Happy Halloween from Asia's fashion capital
Quick bit of context: I'm in my first of three weeks in Japan today as part of a generous reporting opportunity from the International Center for Journalists. After conducting interviews this morning and afternoon, Times photographer Eve Edelheit and I set out to find Halloween in Tokyo.
When I told Junko, my Japanese translator, that I planned to check out whatever was happening in Tokyo for Halloween, she told me not to get too excited. Halloween "is not big here in Japan," she wrote by email a few weeks ago. The costume-loving country didn't embrace festive outfits and jack-o-lanterns like we do in America.
In years past, she's right. But even Junko says something changed this year. Halloween in Tokyo got huge, building all month and stretching into a weeklong celebration that was impossible to miss.
Storefronts in the Ginza shopping district feature creepy crawly kitsch next to haute couture, some piled on top of orange candy to your knees. Restaurants and Japanese bars (izakayas) list special spooky cocktails, like milk mixed with Jack Daniels Honey. A pharmacy in the subway played "This is Halloween" from Tim Burton's Nightmare Before Christmas as carts offered pumpkin-shaped goodies to commuters.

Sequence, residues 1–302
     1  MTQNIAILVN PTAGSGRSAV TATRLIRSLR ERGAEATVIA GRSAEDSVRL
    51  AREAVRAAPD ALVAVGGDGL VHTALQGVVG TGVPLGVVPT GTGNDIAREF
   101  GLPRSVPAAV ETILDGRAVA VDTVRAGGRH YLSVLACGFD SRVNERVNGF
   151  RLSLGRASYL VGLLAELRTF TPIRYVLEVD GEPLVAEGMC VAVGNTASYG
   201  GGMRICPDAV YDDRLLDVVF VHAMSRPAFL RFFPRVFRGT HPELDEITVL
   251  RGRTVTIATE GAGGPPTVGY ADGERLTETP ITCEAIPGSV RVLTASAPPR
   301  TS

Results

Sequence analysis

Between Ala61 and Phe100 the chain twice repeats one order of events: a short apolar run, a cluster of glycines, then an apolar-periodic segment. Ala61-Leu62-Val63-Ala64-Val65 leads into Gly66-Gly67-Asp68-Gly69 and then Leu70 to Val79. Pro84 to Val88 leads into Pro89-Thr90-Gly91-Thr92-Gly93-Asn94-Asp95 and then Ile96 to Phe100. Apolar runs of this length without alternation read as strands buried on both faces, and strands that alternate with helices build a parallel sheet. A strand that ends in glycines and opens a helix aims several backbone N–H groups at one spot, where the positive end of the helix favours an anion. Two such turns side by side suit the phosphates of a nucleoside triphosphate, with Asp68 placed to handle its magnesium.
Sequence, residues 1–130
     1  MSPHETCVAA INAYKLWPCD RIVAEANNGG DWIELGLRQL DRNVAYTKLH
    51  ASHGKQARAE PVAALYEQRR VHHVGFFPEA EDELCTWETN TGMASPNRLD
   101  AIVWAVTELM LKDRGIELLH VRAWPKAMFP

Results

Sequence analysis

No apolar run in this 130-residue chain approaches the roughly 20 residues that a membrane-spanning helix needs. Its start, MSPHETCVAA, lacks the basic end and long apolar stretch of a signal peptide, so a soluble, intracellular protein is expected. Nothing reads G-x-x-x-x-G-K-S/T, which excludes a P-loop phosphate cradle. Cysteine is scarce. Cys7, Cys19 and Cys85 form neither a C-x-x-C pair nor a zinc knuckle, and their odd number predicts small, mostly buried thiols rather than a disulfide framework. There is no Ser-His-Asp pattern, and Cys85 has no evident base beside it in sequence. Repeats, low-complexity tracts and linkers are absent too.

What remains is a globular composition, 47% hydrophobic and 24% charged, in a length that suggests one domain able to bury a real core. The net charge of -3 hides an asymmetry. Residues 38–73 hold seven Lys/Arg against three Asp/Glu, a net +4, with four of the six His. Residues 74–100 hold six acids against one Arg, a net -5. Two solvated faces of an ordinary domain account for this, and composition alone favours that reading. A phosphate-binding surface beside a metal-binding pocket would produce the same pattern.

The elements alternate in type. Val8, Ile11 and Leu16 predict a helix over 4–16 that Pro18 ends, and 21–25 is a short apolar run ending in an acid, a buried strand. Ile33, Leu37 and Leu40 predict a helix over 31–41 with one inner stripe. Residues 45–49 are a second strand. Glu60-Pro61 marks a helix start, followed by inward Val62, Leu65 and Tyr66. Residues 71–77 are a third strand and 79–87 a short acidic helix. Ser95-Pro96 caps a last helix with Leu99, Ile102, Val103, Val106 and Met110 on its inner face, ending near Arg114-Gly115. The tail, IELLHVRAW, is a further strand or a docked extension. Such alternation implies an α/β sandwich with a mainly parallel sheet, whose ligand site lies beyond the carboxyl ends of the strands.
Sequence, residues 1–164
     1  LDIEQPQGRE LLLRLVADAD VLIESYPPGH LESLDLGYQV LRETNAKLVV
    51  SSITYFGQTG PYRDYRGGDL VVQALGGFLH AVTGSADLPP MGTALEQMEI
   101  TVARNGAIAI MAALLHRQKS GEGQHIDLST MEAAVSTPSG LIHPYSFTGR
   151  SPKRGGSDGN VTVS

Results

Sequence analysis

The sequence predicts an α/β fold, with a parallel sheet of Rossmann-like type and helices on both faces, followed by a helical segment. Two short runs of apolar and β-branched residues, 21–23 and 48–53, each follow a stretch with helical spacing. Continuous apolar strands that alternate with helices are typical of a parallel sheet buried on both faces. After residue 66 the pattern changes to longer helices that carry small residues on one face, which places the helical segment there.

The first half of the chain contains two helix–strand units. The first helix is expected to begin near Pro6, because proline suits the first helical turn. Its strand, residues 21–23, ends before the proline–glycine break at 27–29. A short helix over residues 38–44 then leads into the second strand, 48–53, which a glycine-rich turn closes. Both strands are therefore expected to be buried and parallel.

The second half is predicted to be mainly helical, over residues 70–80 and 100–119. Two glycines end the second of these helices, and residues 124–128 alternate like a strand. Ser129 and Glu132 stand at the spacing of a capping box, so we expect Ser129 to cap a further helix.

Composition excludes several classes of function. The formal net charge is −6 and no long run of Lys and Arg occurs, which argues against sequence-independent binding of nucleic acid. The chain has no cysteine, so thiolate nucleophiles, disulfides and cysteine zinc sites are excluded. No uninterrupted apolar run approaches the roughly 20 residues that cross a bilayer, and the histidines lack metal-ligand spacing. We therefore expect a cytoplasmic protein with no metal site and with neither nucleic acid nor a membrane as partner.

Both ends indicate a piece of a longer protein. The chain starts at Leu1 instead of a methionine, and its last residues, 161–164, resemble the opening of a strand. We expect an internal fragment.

Those were just small sparks of spirit compared to the explosion of energy the night before Halloween at Shibuya Crossing, a famous traffic intersection that evokes Times Square and is swarming with people from all directions on a normal day. Thousands of Japanese youth converged on a nearby street in costumes, taking photos, having cigarettes and drinking on the street, which is legal if you're over 20.
There were few lone wolves. On this night, you needed to roll with a squad. We found groups of tomatoes, American Indian chiefs, Harry Potter witches, Chucky dolls and Teletubbies.
Some of the costumes were familiar, something you'd find at a house party in the States. Alice in Wonderland. Mickey Mouse ears. Nurses and maids. Minions and Waldos. Disney princesses. Zombie everything -- police officers, brides, schoolgirls.
Others were distinctly Japanese, mixing cute with quirk and cartoon influences. A leopard on roller skates who turned around to show me her tail. A group of young men in white tights and tutus, revealing a swan between their legs. Girls with technocolor hair and flouncy Harajuku babydoll dresses. A group of schoolkids dressed up as bright Tetris blocks.
Times photographer Eve Edelheit posted several images from the night on the All Eyes blog. I've attached a few of the fashion-centric ones in the slideshow, along with some prints from I took with her Instax Mini.
The craziest part: These pictures weren't even taken on Oct. 31. The busiest celebrations could still be to come.